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Turkish Regulators Seize Shares in Islamic Lender


FILE - A man walks past an ATM machine of Bank Asya in Istanbul, Turkey, Aug. 12, 2014.

FILE - A man walks past an ATM machine of Bank Asya in Istanbul, Turkey, Aug. 12, 2014.

Turkish banking regulators on Wednesday seized a small stake in the Islamic lender Bank Asya over an alleged illegal share sale, the latest round in a battle between Ankara and a U.S.-based Muslim cleric.

The bank, founded by followers of the Islamic scholar and cleric Fethullah Gulen, has been battered by President Recep Tayyip Erdogan's attempts to wipe out Gulen's religious movement, which he accuses of attempting to build a "parallel state.'' The campaign has added to investor fears that political interventions are damaging Turkey's financial system.

Regulators last month took over the management of Bank Asya after the government said it had failed to meet some legal criteria.

The banking watchdog said in a statement Wednesday that Turkey's Savings Deposit Insurance Fund had seized preferred shares in Bank Asya held by a publishing company and a construction firm, citing irregularities in the sale of their parent company, Kaynak Holding, to a Dutch firm in January.

Like most of the shareholders in Bank Asya, Kaynak Holding, which holds nearly 6.5 percent of the bank, is close to Gulen's movement. The watchdog said that only preferred shares had been seized, but did not specify the size of that holding.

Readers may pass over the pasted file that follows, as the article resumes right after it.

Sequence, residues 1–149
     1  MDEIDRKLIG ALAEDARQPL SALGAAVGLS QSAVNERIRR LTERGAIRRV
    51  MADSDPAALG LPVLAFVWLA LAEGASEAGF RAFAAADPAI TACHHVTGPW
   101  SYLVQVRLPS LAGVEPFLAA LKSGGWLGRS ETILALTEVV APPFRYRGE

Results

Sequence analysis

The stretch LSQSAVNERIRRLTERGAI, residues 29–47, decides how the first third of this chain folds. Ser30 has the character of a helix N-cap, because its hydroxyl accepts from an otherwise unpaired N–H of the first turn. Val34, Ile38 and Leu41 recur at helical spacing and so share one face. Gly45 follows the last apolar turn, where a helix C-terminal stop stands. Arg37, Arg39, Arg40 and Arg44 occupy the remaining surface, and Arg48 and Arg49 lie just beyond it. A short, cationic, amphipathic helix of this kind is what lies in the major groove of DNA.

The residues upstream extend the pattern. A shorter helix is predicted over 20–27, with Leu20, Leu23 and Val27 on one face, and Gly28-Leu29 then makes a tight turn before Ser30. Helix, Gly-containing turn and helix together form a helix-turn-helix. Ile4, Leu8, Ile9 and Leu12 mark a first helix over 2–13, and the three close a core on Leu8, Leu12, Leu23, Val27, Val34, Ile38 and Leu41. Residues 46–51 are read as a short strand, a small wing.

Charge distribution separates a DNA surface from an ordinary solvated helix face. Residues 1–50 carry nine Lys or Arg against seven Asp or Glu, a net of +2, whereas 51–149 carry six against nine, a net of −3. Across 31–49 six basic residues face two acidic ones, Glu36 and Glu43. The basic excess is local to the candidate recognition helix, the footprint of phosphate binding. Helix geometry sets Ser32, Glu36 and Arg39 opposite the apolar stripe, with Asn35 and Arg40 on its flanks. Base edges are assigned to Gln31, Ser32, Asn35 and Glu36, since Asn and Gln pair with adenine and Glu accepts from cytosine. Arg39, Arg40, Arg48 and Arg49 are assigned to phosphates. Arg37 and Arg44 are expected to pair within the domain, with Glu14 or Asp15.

Bank Asya declined to comment.

A Kaynak official, who declined to be identified, said only that the watchdog had announced the seizures previously: "We are having difficulty understanding why it is being declared as a new development.''

Reuters could not reach the publishing company, Surat Basim, or the construction company, Forum Insaat, for comment.

The announcement came just hours after the ratings agency Standard & Poor's warned that actions against Bank Asya illustrated "the potential for political risk, or the perception of it, to directly or indirectly spill over into the financial system."

Turkey's prime minister and his economic team are seeking to calm nerves among top investors in New York who hold more than 20 percent of the main Istanbul stock index, after Erdogan's tirades against the central bank helped send the lira to record lows.

Depositors in Bank Asya, including state-owned firms and institutions, last year withdrew 4 billion lira ($1.7 billion) from the bank, amounting to about 20 percent of its deposits, according to media reports.

Shares in Bank Asya, of which around 54 percent are publicly traded, were moved to the stock exchange's watchlist market in September, where companies are kept under surveillance and their shares trade for only a limited time each day.

The shares have lost nearly half their value in the last 12 months. They fell 1.6 percent Wednesday.

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